Is Aaron Rodgers a Clutch QB? This Stat Might Surprise You

Aaron Rodgers #12 of the Green Bay Packers looks to pass in the first quarter against the Seattle Seahawks at CenturyLink Field on November 15 in Seattle, Washington. Abbie Parr/Getty Images

One of the longest-running debates in the NFL centres on who is the greatest quarterback of all times.

Over the last decade, it has specifically boiled down to who between Tom Brady and Aaron Rodgers deserves that particular accolade. The arguments have been heard ad nauseam. Brady has won five Super Bowls and has a good chance of adding a sixth ring this season. Despite some fantastic performances throughout his career, Rodgers only has one Super Bowl to his name, and with the Packers at 4-6-1 this season, he's unlikely to add another title to his name in the foreseeable future.

Do Brady's five rings count more than Rodgers' immense talent or does the fact the latter has spent his entire career with a team not as good as the Patriots have to be factored in?

Britain wouldn't normally be the first place one would look to for an answer to this particular question, but the BBC's NFL Show unearthed a statistic that paints the Brady vs Rodgers debate in a complete different light.

Hats off to whoever worked this stat out 👏

— BBC Sport (@BBCSport) November 28, 2018

The Green Bay Packers quarterback is 0-37 across when entering the fourth quarter trailing by more than a point against teams with a winning record.

The Packers entered the fourth quarter trailing by more than a point in four of the six games they have lost this season and failed to overcome the deficit in each occasion. They have also lost the other two games—against the New England Patriots and the Seattle Seahawks—when they entered the final period tied or ahead of their opponent.

Of course, Rodgers and the Packers began their season with a stirring fourth quarter comeback, overhauling a 21-3 deficit to beat the Chicago Bears 24-23—the first time the Packers won a game after trailing by 17 or more going into the final quarter in 112 occasions.

Despite being carted off in the first half with a knee injury, Rodgers returned to the field and finished with 20-of-30 for 286 passing yards and three touchdowns.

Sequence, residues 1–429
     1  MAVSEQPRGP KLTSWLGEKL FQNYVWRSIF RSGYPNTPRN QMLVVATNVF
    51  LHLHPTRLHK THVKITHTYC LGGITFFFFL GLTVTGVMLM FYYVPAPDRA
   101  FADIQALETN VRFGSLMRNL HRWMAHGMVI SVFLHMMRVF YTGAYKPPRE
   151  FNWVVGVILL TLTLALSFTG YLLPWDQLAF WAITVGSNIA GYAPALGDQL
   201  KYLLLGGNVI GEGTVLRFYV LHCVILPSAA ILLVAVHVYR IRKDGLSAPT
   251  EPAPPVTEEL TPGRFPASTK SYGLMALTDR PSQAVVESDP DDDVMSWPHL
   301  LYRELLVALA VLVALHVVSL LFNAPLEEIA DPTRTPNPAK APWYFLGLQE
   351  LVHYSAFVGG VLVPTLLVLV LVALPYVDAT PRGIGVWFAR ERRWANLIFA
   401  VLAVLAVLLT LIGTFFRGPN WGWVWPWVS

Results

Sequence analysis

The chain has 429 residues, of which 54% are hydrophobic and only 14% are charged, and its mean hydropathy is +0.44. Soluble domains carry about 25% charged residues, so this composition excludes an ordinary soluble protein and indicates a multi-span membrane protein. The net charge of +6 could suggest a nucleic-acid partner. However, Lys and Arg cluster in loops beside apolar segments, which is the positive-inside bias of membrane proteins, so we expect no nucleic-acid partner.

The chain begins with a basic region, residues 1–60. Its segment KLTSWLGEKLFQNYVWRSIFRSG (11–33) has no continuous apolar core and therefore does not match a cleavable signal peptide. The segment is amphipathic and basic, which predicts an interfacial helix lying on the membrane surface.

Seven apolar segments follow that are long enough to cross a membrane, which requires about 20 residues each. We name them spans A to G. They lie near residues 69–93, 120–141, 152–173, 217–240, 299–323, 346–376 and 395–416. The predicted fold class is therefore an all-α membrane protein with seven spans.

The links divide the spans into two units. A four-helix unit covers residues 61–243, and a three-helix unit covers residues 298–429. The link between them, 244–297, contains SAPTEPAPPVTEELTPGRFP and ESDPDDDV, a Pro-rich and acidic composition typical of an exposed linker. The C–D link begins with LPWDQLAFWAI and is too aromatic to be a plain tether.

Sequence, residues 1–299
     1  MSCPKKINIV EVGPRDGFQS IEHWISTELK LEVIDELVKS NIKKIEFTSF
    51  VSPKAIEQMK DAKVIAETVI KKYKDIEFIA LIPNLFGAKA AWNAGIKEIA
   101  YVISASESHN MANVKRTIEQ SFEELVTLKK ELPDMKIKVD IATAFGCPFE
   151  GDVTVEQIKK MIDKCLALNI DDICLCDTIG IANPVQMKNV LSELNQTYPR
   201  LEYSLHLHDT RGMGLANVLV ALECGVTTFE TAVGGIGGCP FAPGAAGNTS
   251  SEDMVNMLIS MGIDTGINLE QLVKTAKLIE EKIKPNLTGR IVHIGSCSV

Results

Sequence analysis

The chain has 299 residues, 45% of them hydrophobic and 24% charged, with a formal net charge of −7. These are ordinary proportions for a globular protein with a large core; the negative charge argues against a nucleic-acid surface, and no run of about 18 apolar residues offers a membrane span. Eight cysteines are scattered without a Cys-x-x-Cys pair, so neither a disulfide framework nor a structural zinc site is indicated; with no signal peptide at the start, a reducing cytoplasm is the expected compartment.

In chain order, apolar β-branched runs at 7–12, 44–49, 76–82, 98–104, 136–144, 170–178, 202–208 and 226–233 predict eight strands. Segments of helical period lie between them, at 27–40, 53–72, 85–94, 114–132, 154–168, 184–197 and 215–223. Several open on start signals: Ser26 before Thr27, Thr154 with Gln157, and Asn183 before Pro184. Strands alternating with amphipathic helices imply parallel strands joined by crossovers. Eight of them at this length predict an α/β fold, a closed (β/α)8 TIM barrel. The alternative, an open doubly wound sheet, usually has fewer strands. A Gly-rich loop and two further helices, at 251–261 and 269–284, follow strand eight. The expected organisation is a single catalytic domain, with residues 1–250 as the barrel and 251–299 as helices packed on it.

However, as the comeback against the Bears came in opening week of the season, Chicago did not technically have a winning record. Likewise, the Packers came back from 27-24 down to beat the 49ers in Week 6 but San Francisco was 1-5 by that point.

The fact Rodgers has not managed to haul his team back from the brink in the fourth quarter against teams with a winning record, does not mean he's inefficient in the final period of play. This season, the Packers have outscored their opponents seven times in the final quarter, including in games they have lost.

However, due to a combination of factors—chief among them the fact the Packers aren't really good—he hasn't managed to get his team over the line when back up against the wall.

According to Pro Football Reference, Rodgers is joint-84th in the list of NFL quarterbacks with the most fourth quarter comebacks—irrespective of whether achieved against a team with a winning record.

Peyton Manning leads the list with 43, followed by Brady with 35, who has led the Patriots to a win after entering the fourth quarter trailing against with a winning record twice in the last two seasons.

In Week 14 last season, the Patriots trailed 24-16 going into the final quarter in Pittsburgh but won 27-24, repeating the trick in the AFC Championship Game when they overhauled a 17-10 deficit to win 24-20 against the Jacksonville Jaguars.

A year earlier, with the Patriots down by 28-9 points in Super Bowl LI against the Atlanta Falcons, he inspired a furious fourth quarter comeback which saw New England score 19 unanswered points to tie the game.

The Patriots then added six more in overtime and shut down the Falcons to win 34-28.